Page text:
Bill Holland from Olympia, WA on April 17, 2013:

My wife's father lives on Oahu, and we get a care package from him several times a year and believe me, it is always a reason for celebration. I hope to one day visit your fine state.

Aloha my friend


Stephanie Launiu (author) from Hawai'i on January 12, 2013:

You're only a 5 hour flight away! Sounds like you're ready for a vacation and I do hope you get to visit soon. Aloha, Stephanie

Stephanie Launiu (author) from Hawai'i on January 12, 2013:

I have never seen Chinese watermelon seeds for sale, but I do think that they were eaten in traditional Chinese culture. So maybe in Chinatown... The best watermelon I ever ate was a few months ago I picked up a "Thailand" watermelon at a farmers market here. Miniature sized and with yellow meat instead of pink. I ate the whole thing myself! It was super sweet and hardly any seeds. Anyway, I hope you get to come on vacation sometime. Aloha, Stephanie

Dreamer at heart from Northern California on January 12, 2013:

Your article makes me want to pack my bags and go shopping in the Hawaiian Islands. I love Aloha wear . The coconut oil idea sounds tasty plus macamadia nuts are a definite item to buy. Oh for some warm weather too!

BkCreative from Brooklyn, New York City on January 12, 2013:

Oh there is so much to buy and I want it all. I wonder if the Chinese seeds include watermelon seeds. It's hard now in NYC to buy a watermelon with those big black seeds but I've read about how nutritious they are and also how Chinese people have long enjoyed them. They are filled with nutrition.

Thanks for many great hubs. I'm going to follow because just reading your hubs makes me feel like I am on vacation. Lovely!

tindercd on August 16, 2012:

My dad always brings me home coffee. The coffee is amazing. I plan on going when my vacation fund hits the top so I'll keep this list in mind! I'm especially interested in Lauhala and Koa Wood. I most definitey will have something made out of each! Great hub!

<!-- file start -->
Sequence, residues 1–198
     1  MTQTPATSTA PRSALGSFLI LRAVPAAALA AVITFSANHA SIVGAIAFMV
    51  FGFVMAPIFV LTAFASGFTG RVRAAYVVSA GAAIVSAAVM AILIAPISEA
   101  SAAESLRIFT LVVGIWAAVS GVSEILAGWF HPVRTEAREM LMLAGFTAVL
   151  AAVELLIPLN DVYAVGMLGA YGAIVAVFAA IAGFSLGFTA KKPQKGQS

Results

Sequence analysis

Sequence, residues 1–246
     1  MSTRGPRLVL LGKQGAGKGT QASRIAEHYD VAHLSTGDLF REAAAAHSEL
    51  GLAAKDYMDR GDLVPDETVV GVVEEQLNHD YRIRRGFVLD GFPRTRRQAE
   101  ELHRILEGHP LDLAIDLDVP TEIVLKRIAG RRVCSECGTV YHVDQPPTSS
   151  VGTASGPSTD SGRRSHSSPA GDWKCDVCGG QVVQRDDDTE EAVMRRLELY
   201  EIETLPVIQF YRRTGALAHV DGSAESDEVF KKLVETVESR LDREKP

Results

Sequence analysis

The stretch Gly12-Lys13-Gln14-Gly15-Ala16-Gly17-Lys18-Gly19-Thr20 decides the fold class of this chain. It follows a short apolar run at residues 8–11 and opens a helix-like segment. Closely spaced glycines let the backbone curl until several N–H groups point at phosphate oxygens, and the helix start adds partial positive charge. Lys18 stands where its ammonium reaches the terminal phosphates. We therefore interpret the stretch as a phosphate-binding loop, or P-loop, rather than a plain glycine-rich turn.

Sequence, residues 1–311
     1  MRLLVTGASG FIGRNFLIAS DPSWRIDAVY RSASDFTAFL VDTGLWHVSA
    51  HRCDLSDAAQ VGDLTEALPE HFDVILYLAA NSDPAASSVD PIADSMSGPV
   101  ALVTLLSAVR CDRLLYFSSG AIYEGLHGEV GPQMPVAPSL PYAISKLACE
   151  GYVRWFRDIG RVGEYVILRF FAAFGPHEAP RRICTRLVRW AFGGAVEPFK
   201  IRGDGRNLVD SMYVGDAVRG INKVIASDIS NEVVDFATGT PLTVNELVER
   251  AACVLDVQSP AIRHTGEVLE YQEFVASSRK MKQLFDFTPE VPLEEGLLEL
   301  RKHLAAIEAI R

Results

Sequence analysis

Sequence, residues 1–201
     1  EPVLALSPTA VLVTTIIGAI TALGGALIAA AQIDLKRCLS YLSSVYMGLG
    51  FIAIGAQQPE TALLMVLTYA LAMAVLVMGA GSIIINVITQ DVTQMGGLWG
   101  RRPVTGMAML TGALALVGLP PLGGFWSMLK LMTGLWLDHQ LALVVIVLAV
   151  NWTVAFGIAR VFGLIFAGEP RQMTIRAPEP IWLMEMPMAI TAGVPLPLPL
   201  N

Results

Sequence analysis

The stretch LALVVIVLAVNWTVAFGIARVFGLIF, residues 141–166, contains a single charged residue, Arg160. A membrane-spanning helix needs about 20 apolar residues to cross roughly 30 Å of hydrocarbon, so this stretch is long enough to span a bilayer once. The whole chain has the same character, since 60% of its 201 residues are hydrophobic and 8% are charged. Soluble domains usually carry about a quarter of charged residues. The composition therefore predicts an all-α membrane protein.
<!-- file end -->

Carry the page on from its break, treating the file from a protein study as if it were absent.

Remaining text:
Stephanie Launiu (author) from Hawai'i on June 15, 2012:

@chrisinhawaii: Will definitely be looking for your next hub! And if I'm in the area, I'll definitely check out the Kapolei McD. Live on the Waianae Coast and am in Kapolei quite a bit. Aloha!

chrisinhawaii on June 14, 2012:

"secret weapon" haha! That's it! Nothing says "Aloha!" like a big bowl of chili before going on a 6-hour plane flight back to the Mainland.

I was actually thinking of doing a hub about where tourists should go eat as soon as they get their bags and leave the airport (Honolulu)...Byron's Drive-In comes to mind. And of course, "Next...Stop...Zippy's"

If you're ever out on the Leeward side, you'll probly find me hubbin' at Ewa or Kapolei McD, sippin' on my 10th free refill. =) Shoots den. Aloha!

Stephanie Launiu (author) from Hawai'i on June 11, 2012:

@Angela Brummer: Thank you so much Angela for sparking a 'movement' for sharing of Hubs.I will be much more apt to share hubs I read just because you reminded me to.